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World Report Cambodia 2008
Human Rights Watch – January 31, 2008
Ten years after the 1997 coup, in which Prime Minister Hun Sen ousted his then co-Prime Minister Norodom Ranariddh, impunity for human rights violations in Cambodia remains the rule. 2007 was marked by ongoing illegal confiscation of farmers’ land, forced evictions of urban poor, and attacks on rights defenders, as well as the murders of a trade union leader, a community forestry activist, and a monk. The judiciary continued to operate at the behest of the executive, and no progress was made to address rampant corruption or widespread plundering of natural resources. More than halfway through its three-year mandate, the Khmer Rouge Tribunal faced serious allegations of corruption and government interference.
Commune council elections, held in April with less political violence than in the past, were won by Hun Sen’s ruling Cambodian Peoples Party (CPP). Ranariddh remained abroad, and in March was sentenced in absentia to 18 months’ imprisonment for breach of trust over the sale of his former party’s headquarters.
Suppression of Freedom of Expression, Association, and Assembly
The government continues to control all television and most radio stations, with media that criticized the government subject to suspension or threats of legal action. In June 2007 the government banned dissemination of a report by the international nongovernmental organization (NGO) Global Witness that alleged complicity of top government officials in illegal logging. Journalists who covered the report and people who helped prepare it received anonymous death threats. The French-language newspaper Cambodge Soir suspended publication in June after a staff strike protesting a reporter’s dismissal for covering the report.
In August a reporter in Pursat was the victim of two attempted arson attacks on his home, which the commune police chief attributed to the reporter’s logging coverage. Community activists involved in forest protection who came under attack included Seng Sarom, murdered in July in Stung Treng, and Sath Savuth, forced to flee his Oddar Meanchey home after a grenade was thrown at it in July.
In July the government-controlled Cambodian Bar Association claimed that lawyers cannot be legally employed by NGOs or provide legal services unless the NGO has signed an agreement with the Association. In June Finance Minister Keat Chhon’s sister, Keat Kolney, filed a complaint with the Association against nine legal aid lawyers, accusing them of “inciting” villagers to file complaints against her in a Ratanakiri land dispute.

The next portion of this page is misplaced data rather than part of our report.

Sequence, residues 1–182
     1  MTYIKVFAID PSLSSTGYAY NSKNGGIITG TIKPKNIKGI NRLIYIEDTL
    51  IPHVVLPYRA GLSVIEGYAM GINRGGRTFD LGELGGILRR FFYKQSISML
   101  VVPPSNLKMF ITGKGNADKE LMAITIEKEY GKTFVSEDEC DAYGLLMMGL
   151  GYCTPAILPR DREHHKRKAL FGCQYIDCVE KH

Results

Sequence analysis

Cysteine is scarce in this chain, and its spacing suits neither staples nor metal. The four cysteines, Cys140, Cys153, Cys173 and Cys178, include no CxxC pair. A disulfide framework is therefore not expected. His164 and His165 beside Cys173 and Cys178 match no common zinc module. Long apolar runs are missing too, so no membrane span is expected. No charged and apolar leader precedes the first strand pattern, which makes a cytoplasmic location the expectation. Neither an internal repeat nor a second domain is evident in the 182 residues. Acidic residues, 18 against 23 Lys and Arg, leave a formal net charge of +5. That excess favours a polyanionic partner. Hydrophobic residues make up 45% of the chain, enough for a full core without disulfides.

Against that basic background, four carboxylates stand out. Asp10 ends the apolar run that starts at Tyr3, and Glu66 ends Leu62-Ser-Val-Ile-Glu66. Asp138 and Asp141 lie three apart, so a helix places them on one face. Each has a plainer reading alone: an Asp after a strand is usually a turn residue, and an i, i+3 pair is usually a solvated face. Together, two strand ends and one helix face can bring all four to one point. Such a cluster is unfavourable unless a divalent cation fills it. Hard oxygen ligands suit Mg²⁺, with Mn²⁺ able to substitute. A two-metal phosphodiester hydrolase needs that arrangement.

On February 24 Hy Vuthy, president of the Free Trade Union of Workers in the Kingdom of Cambodia (FTUWKC) at the Suntex factory in Phnom Penh, was shot dead. He was the third FTUWKC official to be killed in three years. In May riot police dispersed 1,000 striking workers from a factory in Kandal protesting the firing of workers organizing a union there.
Authorities continue to disperse or reject requests for many demonstrations. In October the government approved a demonstrations law that requires organizers to give local authorities five days’ notice and holds organizers responsible for any misconduct that occurs.
Crackdown on Kampuchea Krom Monks
On February 27, 2007, heavily armed police dispersed a demonstration near the Vietnamese Embassy in Phnom Penh by Kampuchea Krom (ethnic Khmer originally from Vietnam) monks. They were protesting religious and ethnic persecution in Vietnam. That night one of the protesting monks, Eang Sok Thoeun, was found dead in his pagoda. Police labeled it a suicide, ordered his immediate burial, and prohibited monks from conducting funeral proceedings. On April 20 Phnom Penh police forcefully dispersed another Kampuchea Krom protest in which counter-demonstrators physically attacked the monks. In June Cambodia’s Supreme Buddhist Patriarch Tep Vong and the Ministry of Cults and Religion issued an order banning monks from participating in demonstrations.
On June 30, Cambodian officials defrocked Kampuchea Krom monk Tim Sakhorn, a Cambodian citizen who was the representative of the Khmer Kampuchea Krom Federation (KKF) in Takeo, and escorted him to the border. Tep Vong alleged that Sakhorn had conducted propaganda harming Cambodia-Vietnam friendship by allegedly distributing leaflets about the KKF. In November Sakhorn was sentenced in a Vietnamese court to one year’s imprisonment on charges of undermining national unity.